The Path

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978-0-8059-6861-3
The Path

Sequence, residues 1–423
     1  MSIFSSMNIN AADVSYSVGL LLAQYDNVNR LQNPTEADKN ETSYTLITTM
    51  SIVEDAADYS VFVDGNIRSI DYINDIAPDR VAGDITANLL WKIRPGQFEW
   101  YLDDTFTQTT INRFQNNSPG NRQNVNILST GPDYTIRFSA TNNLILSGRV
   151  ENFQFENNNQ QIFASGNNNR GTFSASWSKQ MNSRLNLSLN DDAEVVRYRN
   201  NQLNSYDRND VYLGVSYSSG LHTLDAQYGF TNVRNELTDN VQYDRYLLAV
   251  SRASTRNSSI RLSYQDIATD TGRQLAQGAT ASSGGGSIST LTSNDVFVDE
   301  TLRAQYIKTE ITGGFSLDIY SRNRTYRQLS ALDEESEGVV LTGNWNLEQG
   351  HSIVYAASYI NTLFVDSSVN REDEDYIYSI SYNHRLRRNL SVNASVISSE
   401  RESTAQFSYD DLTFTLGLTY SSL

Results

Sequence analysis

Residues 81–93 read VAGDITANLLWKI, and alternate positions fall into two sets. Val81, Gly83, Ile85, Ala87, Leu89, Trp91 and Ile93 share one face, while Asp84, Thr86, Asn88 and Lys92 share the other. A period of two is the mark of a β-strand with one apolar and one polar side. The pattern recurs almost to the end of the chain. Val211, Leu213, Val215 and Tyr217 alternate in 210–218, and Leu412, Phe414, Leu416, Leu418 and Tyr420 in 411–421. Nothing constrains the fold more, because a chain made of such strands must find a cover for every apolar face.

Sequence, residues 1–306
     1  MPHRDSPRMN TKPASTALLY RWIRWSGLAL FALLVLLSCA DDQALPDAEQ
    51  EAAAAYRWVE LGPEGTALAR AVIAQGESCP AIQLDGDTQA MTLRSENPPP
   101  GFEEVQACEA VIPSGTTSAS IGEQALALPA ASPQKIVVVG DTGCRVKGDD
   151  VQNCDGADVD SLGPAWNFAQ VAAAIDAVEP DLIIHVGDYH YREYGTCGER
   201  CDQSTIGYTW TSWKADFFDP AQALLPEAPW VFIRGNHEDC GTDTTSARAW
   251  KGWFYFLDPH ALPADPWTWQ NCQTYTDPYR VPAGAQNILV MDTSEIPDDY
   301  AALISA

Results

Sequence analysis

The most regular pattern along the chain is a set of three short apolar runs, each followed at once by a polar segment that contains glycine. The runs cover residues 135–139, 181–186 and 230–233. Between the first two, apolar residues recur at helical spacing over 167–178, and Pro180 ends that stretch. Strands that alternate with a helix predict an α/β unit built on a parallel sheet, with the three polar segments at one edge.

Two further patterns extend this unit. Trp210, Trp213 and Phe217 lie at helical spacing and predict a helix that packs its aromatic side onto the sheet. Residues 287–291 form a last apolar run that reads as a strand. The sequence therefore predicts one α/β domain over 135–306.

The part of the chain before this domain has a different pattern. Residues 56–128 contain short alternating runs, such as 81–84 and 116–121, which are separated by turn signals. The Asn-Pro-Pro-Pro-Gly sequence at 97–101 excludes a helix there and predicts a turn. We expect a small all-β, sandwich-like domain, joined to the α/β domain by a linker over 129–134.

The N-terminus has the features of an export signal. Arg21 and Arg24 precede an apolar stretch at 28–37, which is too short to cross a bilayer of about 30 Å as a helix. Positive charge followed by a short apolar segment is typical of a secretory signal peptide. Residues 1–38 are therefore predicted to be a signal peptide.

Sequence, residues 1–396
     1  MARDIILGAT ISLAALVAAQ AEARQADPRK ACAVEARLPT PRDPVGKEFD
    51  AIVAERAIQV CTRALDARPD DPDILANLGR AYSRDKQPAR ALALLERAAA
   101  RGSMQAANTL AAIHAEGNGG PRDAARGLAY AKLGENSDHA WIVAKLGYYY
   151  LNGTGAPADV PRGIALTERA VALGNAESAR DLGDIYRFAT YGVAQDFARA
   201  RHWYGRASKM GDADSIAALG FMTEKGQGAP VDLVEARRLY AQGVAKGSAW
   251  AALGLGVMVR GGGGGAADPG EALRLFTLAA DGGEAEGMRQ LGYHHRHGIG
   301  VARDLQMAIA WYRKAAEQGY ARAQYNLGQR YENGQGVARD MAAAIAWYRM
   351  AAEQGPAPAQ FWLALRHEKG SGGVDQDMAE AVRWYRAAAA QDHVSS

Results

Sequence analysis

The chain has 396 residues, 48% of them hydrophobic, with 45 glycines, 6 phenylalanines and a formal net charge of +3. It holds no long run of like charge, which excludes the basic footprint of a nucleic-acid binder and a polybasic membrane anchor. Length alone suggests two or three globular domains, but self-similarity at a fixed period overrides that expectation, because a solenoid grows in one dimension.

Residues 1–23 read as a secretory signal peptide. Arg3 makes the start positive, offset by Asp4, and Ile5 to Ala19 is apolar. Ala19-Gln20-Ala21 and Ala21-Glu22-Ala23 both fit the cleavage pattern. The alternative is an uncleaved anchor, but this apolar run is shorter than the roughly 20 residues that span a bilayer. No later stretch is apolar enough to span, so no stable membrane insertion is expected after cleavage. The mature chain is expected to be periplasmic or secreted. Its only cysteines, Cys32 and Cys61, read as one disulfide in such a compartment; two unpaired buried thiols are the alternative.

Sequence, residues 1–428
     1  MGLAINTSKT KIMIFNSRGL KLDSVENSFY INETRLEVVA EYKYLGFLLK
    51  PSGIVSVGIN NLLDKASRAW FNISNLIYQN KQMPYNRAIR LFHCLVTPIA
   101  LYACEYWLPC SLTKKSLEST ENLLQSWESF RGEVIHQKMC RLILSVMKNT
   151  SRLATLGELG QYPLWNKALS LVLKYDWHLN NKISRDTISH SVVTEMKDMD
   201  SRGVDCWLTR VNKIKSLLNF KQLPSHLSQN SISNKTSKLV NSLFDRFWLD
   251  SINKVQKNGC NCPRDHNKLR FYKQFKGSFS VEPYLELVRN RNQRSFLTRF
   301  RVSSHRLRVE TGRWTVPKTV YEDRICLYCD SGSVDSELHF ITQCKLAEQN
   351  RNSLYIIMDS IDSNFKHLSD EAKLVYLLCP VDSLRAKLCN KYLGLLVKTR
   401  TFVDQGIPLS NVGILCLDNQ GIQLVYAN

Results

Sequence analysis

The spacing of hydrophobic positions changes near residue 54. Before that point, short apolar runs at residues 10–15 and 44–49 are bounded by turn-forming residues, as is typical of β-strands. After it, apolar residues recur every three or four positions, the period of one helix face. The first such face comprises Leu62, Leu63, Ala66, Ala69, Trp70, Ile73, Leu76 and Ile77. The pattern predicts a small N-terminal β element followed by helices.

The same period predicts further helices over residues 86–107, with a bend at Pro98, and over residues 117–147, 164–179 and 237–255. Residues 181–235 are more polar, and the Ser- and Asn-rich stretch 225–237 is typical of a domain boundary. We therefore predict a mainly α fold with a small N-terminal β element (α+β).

by Siam Miller Shari seemed to be the odd man out in her high-society family. Her father was a successful psychiatrist who, while influential with his patients and acquaintances, was aloof and withdrawn to his children and often downright hostile with his wife. Sharis mother doted on her other two children, finding them attractive and personable, but Shari was an unexpected and unwelcome surprise who seemed to have no positive attributes going for her. Although Shari got along reasonably well enough with her older sister and younger brother, as the middle child, the peacemaker in the family, she found herself taking on the burden of any unwelcome attention (such as odious chores, which her mother expected performed to absolute perfection) and reveled in attending far-off boarding schools in order to get away from the oppressive atmosphere at home. As her parents separated, reconciled, and separated again, Shari began ferreting out deeply hidden secrets in her parents pasts, particularly those of her father, and quickly became stunned at how their choices in their lives before she even came into being so soundly impacted her own life. She began to chafe against the secret restraints, longing to become an independent and free woman, and so began a journey of self-discovery that would take her across the continent of Europe, from the fanciest parties to the commonest of people, as well as a stint in Australia, where her journey truly began as she explored the culture and trappings of the good life to which she was heir. The intricately woven tapestry of The Path slowly but surely sheds the light of self-discovery on Sharis life as she sought to unravel the truth and achieve her goal of independence, both from without and within. ABOUT THE AUTHOR A native of Australia, Siam Miller presently resides in Switzerland with her husband and stepchildren. She is employed as an art historian and writer, and in her spare time enjoys contemporary and African art, music, and theatre. (2005, paperback, 106 pages)